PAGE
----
Doctors and nurses criticised during the public inquiry into disastrous standards of care at Stafford Hospital will not be named.

Robert Francis QC, chairman of the inquiry, said it was “not the forum” for bringing front line staff to account.

He said the focus of the investigation was to examine the operation of commissioning, supervisory and regulatory bodies and other agencies, in a bid to find out why problems at the hospital were not identified sooner.

Mr Francis said: “This inquiry is not the forum in which professionals responsible at the front line for such care can be brought to account.

“If I were to allow the identification of nurses and doctors and others who stand accused of providing poor care, they would stand accused in a public forum of serious complaints under the cloak of absolute privilege from defamation proceedings and be unable effectively to make a response.

“This is unfair to them, not helpful to the inquiry process and deflects from my central task.”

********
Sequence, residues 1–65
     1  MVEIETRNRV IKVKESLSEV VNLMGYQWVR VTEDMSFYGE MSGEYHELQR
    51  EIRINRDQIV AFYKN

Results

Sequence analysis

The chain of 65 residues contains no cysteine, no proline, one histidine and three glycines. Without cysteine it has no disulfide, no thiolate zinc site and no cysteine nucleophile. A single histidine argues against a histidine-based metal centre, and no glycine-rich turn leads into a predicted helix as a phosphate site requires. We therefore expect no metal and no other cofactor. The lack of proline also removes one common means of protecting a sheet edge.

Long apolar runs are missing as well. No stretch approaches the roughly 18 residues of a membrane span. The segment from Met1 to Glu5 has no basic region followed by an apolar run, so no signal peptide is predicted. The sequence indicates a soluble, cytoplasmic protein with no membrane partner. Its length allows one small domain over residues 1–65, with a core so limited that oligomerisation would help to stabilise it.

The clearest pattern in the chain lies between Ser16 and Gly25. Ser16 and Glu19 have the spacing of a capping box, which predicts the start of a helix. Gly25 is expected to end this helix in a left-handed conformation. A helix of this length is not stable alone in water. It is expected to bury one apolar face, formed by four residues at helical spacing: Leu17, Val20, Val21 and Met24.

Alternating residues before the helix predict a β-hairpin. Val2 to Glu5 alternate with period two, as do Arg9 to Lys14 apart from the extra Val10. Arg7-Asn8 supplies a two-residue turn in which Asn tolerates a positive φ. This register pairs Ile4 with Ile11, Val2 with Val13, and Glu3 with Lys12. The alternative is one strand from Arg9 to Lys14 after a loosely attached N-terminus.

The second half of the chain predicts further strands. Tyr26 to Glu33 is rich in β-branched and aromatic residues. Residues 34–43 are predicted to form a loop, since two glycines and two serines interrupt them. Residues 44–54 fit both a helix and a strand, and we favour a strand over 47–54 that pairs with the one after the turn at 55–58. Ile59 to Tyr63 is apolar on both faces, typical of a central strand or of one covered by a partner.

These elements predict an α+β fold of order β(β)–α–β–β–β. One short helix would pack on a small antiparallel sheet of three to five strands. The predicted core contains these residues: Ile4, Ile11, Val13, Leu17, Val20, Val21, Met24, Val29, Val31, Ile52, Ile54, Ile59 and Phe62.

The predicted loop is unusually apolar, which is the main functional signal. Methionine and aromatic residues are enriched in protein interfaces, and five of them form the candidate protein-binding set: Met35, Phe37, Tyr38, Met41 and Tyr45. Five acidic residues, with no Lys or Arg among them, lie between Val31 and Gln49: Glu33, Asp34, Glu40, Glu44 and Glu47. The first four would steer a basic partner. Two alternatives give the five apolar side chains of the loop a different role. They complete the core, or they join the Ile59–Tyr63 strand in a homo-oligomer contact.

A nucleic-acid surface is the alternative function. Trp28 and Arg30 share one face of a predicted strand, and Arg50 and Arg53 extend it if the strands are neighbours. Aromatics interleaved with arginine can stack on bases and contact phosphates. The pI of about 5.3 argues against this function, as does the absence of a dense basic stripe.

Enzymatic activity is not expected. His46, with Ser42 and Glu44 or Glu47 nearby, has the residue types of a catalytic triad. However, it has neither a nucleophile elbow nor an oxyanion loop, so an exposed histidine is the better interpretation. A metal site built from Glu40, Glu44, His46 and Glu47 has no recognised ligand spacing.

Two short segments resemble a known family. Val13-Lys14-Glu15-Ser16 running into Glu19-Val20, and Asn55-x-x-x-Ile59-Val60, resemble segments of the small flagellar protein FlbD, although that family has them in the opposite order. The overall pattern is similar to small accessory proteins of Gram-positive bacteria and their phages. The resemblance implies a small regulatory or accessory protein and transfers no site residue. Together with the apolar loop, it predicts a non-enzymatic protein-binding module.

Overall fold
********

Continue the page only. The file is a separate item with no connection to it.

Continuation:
He added: “Fairness would or might require giving the individuals a right of response.

“It is, in my view, questionable whether such a right of response could properly be given in this inquiry.

“If it were not given, the individuals would have been accused in public of serious matters with no right of reply.

“I consider, therefore, there would be a real risk to their reputations and, where still employed by the trust, to the workings of the trust.”

Mr Francis said the anonymity order applied to those “involved directly with care of patients within the hospital” who were accused of substandard levels of care, but excluded “the directors of nursing, clinical directors, any member of the trust board or member of the foundation trust board of governors”.

Jeremy Hyam, counsel for campaign group Cure The NHS, had argued against the order.

He said: “The key issue is open justice and accountability. We say anonymity in such a case would be detrimental to the fulfilment of one of the main purposes of the inquiry.

“Names and faces in this context really matter.

“If no names and faces are given to those individuals there is a real risk that this inquiry will simply descend into a series of general observations made by various parties in relation to unknown and anonymous persons.”